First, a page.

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Phil Dick

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  • Phil Dick

    I just recently read 'Do Androids Dream of Electric Sheep' and I thought it was brilliant. Michael, did you know Phil Dick personally? I think there was a quote from you on his work on the cover of the book.

  • #2
    I corresponded with Phil and New Worlds was the first place to run long features on his work and celebrate him in the way in which he is now generally celebrated. We were instrumental in getting him published in the UK -- with non-generic publishers (Cape, for instance).

    Pre-order or Buy my latest titles in Europe:
    The Whispering Swarm: Book One of the Sanctuary of the White Friars - The Laughter of Carthage - Byzantium Endures - London Peculiar and Other Nonfiction
    Doctor Who: The Coming of the Terraphiles - Kizuna: Fiction for Japan - Modem Times 2.0 - The Sunday Books - The Sundered Worlds


    Pre-order or Buy my latest titles in the USA:
    The Laughter of Carthage - Byzantium Endures - London Peculiar and Other Nonfiction - The Sunday Books - Doctor Who: The Coming of the Terraphiles
    Kizuna: Fiction for Japan - The Sundered Worlds - The Winds of Limbo - Modem Times 2.0 - Elric: Swords and Roses

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    • #3
      He's a great author. I heard Bladerunner was based on Do Androids Dream of Electric Sheep. I've never seen the film but I may consider watching it now! From what I've heard of the film it seems as though its quite loosely based on the book though.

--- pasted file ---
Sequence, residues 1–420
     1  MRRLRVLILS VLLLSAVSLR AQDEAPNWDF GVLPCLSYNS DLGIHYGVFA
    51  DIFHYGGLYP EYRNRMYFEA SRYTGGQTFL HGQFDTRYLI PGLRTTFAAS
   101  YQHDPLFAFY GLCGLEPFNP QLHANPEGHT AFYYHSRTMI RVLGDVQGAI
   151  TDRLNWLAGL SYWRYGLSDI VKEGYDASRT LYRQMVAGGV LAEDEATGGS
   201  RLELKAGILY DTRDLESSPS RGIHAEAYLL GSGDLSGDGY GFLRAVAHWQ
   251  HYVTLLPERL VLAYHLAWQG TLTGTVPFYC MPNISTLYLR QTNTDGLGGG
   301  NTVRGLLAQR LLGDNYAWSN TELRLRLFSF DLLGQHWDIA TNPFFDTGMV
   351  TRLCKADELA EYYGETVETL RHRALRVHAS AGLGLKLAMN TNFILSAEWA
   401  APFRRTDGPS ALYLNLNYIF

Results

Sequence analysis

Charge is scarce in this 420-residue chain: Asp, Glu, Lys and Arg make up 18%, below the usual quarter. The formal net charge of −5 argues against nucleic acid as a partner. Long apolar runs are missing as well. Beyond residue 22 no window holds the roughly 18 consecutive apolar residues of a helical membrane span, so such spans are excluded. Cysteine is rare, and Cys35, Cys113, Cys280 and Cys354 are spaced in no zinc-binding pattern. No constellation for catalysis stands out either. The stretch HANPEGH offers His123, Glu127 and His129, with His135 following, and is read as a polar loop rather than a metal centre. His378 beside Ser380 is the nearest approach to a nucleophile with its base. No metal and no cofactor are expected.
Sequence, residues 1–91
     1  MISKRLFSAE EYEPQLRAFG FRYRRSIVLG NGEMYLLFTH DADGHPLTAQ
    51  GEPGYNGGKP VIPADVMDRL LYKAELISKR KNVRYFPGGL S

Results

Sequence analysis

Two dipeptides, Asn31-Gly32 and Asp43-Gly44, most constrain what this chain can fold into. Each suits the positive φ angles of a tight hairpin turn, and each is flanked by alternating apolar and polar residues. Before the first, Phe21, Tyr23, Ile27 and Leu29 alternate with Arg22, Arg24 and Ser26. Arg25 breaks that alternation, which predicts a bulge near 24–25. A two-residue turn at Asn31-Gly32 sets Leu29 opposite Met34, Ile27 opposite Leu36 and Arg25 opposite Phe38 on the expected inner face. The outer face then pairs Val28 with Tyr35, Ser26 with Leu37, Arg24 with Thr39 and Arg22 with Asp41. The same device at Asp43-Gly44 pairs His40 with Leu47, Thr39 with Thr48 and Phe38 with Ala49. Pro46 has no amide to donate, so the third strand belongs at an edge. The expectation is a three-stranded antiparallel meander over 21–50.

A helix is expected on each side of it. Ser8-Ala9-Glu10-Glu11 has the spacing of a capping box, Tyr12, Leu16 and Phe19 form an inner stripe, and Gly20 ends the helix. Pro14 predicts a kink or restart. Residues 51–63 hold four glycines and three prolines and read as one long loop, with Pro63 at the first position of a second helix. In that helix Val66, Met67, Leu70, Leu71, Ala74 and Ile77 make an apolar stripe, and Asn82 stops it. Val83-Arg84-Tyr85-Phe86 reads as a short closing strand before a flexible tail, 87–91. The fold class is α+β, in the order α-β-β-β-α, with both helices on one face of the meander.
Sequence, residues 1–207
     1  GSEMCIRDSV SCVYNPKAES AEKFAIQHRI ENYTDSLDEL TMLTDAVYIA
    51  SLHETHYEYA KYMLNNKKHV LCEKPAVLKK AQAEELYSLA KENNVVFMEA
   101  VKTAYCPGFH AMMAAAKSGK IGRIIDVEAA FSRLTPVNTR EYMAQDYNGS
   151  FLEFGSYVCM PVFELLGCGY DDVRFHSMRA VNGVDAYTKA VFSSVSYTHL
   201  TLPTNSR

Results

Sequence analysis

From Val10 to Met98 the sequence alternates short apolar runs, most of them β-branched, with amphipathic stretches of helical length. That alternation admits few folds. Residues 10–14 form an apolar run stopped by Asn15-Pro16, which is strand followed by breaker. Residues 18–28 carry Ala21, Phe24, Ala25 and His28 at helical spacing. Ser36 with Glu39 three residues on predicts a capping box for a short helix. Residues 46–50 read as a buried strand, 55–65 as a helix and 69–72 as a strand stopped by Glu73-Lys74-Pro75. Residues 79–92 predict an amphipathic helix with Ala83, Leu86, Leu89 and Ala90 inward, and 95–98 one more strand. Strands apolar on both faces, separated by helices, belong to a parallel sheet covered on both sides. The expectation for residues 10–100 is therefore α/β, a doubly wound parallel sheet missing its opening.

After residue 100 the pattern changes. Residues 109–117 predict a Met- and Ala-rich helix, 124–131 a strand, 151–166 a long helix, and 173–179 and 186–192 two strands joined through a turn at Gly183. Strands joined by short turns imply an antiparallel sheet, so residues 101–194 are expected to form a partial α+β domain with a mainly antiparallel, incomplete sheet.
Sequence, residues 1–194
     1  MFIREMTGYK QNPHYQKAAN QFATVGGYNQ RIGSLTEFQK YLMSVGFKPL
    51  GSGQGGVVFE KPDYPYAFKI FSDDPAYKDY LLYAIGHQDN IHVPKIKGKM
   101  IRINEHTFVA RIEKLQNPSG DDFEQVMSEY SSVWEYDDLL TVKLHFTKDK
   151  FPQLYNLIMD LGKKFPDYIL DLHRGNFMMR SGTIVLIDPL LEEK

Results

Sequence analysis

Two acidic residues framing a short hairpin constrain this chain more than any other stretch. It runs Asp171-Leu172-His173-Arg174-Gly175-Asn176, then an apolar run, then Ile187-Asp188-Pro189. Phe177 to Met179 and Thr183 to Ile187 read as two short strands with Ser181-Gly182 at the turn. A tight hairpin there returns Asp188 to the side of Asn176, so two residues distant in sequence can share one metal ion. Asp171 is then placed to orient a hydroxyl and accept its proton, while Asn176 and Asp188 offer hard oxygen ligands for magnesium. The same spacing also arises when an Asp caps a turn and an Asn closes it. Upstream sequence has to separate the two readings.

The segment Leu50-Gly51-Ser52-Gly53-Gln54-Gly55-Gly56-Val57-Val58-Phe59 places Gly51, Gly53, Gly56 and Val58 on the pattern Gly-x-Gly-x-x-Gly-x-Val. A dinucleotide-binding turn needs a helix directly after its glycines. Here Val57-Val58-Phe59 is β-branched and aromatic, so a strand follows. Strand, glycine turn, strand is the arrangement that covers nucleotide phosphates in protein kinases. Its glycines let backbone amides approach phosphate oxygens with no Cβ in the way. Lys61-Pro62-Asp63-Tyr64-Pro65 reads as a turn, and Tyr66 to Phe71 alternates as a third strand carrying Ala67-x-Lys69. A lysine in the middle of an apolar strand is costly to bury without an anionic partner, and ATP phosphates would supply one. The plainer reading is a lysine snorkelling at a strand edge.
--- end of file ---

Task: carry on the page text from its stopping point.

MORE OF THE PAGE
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      • #4
        I don't really see much connection between the film and the book, personally. Obviously Bladerunner is now seen as a benchmark of future-noir film-making, so there's no point me knocking it, but (as Mr M has said of Dick adaptations) "they" do tend to leave out the most interesting aspects... they certainly left out all of the jokes.... and his wife... and the hill climbing scenes... and the other police station... and the electric sheep. Personally I prefer the book, although I had to buy a copy with Harrison Ford on the cover. :(

        Still, that just my rambling opinion. The film has many fans, and might be worth watching for its own sake.

        I wonder if anyone will ever try to adapt his "straight" fiction? I'd dearly love to see a poster for Confessions of a Crap Artist on a wall at my local cinema. ;)
        "That which does not kill us, makes us stranger." - Trevor Goodchild

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        • #5
          Phil Dick is one of the few authors (Mike is another) whose work has affected me to the extent that I have tried to buy a copy of every book that they have written. Haven't quite got there yet, but it gives me something to look for in bookshops.